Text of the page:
Neue Materialien Fürth GmbH
Neue Materialien Fürth GmbH's in-house laboratory is outfitted with a wide range of analytical and testing equipment for the purpose of material characterization. This includes elemental analysis equipment and two universal testing machines.
ELEMENTAL ANALYSIS EQUIPMENT
We have two machines manufactured by HORIBA Jobin Yvon for conducting elemental analysis of metal powders and solid samples. These allow us to accurately measure the nitrogen/oxygen and carbon/sulphur content of different materials. The EMGA and EMIA series machines use the carrier hot gas extraction process.
For this purpose, the samples are completely melted and the gases this produces are analysed. Various standards are available for calibrating the required measuring ranges on the machines in order to perform quantitative analysis.
ZWICK UNIVERSAL TESTING MACHINE
To ascertain materials' mechanical properties, NMF GmbH uses a Z100 static material testing machine manufactured by Zwick/Roell. Using various sample holders, test instruments and load cells (2.5 to 100 kN), we conduct tests predominantly under compressive and tensile loads. In addition, we increase the scope for bespoke component testing by developing our own instruments in house.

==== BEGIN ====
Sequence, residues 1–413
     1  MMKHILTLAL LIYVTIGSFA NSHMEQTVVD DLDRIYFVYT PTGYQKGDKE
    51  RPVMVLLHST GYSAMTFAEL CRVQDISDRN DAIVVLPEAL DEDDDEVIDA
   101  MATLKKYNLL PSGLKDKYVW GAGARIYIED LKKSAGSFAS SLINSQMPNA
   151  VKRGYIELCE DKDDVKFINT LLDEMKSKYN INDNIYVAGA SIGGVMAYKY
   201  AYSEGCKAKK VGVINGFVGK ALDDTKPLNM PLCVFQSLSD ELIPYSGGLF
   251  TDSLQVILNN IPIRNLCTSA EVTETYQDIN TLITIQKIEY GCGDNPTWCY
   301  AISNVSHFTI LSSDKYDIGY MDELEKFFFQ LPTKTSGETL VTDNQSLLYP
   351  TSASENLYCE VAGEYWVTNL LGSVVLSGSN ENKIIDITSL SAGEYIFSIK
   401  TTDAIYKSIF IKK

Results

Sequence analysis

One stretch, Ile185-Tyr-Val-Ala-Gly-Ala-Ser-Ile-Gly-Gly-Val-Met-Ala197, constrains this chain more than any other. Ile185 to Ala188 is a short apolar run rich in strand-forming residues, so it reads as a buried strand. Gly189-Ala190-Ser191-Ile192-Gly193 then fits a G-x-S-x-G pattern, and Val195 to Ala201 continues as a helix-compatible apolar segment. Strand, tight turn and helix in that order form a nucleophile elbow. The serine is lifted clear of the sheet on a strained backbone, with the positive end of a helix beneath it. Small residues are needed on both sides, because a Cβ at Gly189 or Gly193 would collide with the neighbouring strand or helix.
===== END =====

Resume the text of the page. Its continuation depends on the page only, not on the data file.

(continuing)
With a convection furnace (up to 250 °C) and a three-zone tube furnace (up to 1100 °C) at our disposal, we have everything we need for high-temperature testing. To record changes in length, NMF GmbH uses both extensometers with sensors and an optical system.
GLEEBLE UNIVERSAL TESTING MACHINE
The Gleeble 3500 testing machine manufactured by US-based company DSI is a versatile product that allows us to test a huge variety of metal materials. The hydraulic drive enables a wide range of flow velocities to be attained. Rapid heating rates can also be achieved by conductive heating of the test samples. The machine concept allows flow curves that occur during compressive and tensile testing to be recorded, for example, as well as enabling complex heat treatment to be performed and the strength of the material on solidification to be measured. Models for the development of microstructures in the test samples can then be produced using quantitative metallography.